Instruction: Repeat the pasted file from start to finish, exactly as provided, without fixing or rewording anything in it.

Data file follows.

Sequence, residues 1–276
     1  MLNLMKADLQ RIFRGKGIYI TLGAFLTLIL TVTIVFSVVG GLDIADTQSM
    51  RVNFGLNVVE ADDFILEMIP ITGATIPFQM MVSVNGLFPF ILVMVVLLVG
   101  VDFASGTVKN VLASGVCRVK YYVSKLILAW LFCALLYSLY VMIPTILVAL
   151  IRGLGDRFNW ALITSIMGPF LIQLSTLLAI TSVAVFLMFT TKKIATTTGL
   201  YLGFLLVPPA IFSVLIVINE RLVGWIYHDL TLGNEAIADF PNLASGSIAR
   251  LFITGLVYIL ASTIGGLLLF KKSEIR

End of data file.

Sequence, residues 1–276
     1  MLNLMKADLQ RIFRGKGIYI TLGAFLTLIL TVTIVFSVVG GLDIADTQSM
    51  RVNFGLNVVE ADDFILEMIP ITGATIPFQM MVSVNGLFPF ILVMVVLLVG
   101  VDFASGTVKN VLASGVCRVK YYVSKLILAW LFCALLYSLY VMIPTILVAL
   151  IRGLGDRFNW ALITSIMGPF LIQLSTLLAI TSVAVFLMFT TKKIATTTGL
   201  YLGFLLVPPA IFSVLIVINE RLVGWIYHDL TLGNEAIADF PNLASGSIAR
   251  LFITGLVYIL ASTIGGLLLF KKSEIR